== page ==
“All men by nature desire to know.”
This is how Aristotle’s Metaphysics (350 BCE) begins.
In his extraordinary (and open-access) book “Knowing knowledge” (2006), George Siemens highlights that learning and knowledge are cornerstones for society and organizations and recommends changes required in order to align corporations and educational institutions with developing trends. After defining knowledge as “the codification of information or data in a particular way,” (p. 21) Siemens proposes the existence of five types of knowledge:
- Knowing about (e.g. basics of a field)
- Knowing where (… to find knowledge when needed)
- Knowing to do (e.g. drive a car, solve a math problem, manage a project.)
- Knowing to be (i.e. to embody knowledge with humanity, to be compassionate, to relate, to feel…)
- Knowing to transform (including knowledge’s adjustment, recombination, innovation or alignment with reality).
He points out that our society has prioritized the creation of “storage structures” of knowledge within journals, books, libraries or museums on the “about” (1) and “doing” (3) levels. In contrast, knowing “where” (2), knowing “to be” (4) and knowing to “transform” (5) have been unattended to. According to the author, this bias has also been reflected in the process of dissemination of knowledge through schools and universities, which fail to attend the full array of “knowing”.
Aligned with this criticism and particularly with regards to the lack of interest of educational institutions in promoting individuals’ known to be, we find the work of the Chilean psychiatrist Claudio Naranjo. Highly interested in education, in one of his masterpieces “Changing education to change the world” (2016), Naranjo addresses the cultural and ecological crisis of the 21st century. He advocates the compelling need for making the educational system more ethically and spiritually directed in such a way that it enables us to develop our consciousness instead of merely focusing on the sustainability of current economic or cultural societal models.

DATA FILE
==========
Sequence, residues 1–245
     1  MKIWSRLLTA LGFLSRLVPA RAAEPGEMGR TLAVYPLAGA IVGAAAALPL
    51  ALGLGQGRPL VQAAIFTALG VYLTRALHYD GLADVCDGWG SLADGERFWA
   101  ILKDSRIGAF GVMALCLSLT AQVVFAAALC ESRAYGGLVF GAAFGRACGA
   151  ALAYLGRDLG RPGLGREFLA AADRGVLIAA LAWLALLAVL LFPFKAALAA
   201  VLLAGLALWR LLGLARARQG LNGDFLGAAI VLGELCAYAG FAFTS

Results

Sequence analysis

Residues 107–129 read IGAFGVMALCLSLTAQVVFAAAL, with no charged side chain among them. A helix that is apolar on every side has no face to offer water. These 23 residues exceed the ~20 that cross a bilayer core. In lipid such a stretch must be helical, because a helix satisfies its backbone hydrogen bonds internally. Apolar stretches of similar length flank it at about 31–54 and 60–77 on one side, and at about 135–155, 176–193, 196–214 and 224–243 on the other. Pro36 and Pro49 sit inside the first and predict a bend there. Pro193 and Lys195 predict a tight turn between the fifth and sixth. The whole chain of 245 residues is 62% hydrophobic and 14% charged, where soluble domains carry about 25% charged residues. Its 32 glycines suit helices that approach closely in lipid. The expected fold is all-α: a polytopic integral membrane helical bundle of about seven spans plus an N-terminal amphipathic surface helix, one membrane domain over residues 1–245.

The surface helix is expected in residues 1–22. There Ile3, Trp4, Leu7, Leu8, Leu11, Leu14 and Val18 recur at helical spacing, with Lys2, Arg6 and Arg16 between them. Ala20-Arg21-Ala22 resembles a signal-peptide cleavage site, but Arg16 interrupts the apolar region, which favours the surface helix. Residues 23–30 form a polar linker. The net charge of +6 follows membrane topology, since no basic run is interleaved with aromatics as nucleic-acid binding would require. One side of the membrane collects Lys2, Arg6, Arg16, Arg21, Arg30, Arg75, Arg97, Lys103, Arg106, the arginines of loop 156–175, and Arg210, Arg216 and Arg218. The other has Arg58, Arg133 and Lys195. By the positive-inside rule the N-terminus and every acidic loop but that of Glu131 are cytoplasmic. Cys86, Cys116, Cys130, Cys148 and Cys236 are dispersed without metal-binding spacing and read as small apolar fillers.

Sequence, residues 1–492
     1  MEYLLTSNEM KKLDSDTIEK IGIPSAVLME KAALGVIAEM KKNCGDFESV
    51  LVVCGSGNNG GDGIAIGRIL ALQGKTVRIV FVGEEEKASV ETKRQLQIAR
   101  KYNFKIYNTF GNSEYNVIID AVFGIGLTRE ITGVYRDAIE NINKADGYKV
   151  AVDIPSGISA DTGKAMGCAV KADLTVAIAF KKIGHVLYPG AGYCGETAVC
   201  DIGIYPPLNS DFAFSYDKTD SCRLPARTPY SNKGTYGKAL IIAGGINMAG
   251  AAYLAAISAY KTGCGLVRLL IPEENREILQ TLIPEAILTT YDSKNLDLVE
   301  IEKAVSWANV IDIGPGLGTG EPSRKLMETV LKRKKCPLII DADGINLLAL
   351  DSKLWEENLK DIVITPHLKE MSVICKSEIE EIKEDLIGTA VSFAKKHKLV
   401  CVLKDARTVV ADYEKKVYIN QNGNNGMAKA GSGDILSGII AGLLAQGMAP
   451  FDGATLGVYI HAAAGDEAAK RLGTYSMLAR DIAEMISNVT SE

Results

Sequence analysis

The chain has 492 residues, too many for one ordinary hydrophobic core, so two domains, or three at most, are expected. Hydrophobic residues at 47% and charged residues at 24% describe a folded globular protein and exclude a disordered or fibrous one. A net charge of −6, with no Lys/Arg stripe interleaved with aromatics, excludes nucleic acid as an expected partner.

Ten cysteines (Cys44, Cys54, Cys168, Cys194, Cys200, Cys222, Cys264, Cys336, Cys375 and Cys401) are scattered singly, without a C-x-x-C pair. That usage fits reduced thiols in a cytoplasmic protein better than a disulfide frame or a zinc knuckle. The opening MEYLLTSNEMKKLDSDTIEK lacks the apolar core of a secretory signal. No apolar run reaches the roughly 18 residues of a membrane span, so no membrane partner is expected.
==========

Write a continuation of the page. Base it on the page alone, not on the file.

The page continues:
In a short video (2006) available online, Naranjo asserts that the world in crisis in which we live is due to the education that we have which dehumanizes students, killing their creativity and contributing to making them conforming and passive, instead of educating them for life through the development of their consciousness and better emotional health.
Thus, Naranjo identifies education’s shift of focus towards “knowing to be” (using Siemens’ term) as a key path for moving towards a better world. As he details in his own website:
Since our gravest and most basic common problem is the underdevelopment of consciousness and the healing journey against the stream of deterioration is difficult, we need to emphasize prevention – and we have the vehicle for it is compulsory education, if only we realize how destructive it has been to seek to educate the young to be the reflections of what we are, and how, when we believe that we are passing on our values, we are being arrogantly blind to how and to what an extent we transmit our plagues (source).
In this challenging task, Naranjo believes it is essential to impact the mind of teachers, who need to undergo an experience transformation, becoming people who not only know their subject but who are truly concerned with the happiness of the students.
From your perspective as a student or as a teacher: what do you think of all this?
- Aristotle (350 BCE). Metaphysics. Available here.
- Naranjo, C. (2006) Claudio Naranjo’s Educational vision (13 minutes)
- Naranjo, C. (2016) Changing Education to Change the World: A New Vision of Schooling. Nevada, CA: Gateways Books & Tapes [From the Spanish publication: Naranjo, C. (2004) Cambiar la educación para cambiar el mundo. Barcelona: La Llave].
- Siemens, G. (2006) Knowing knowledge. Lulu. com. Available here.
To explore further
- “On Education” – Claudio Naranjo interviewed by Occidente (48 minutes)
- Website of Claudio Naranjo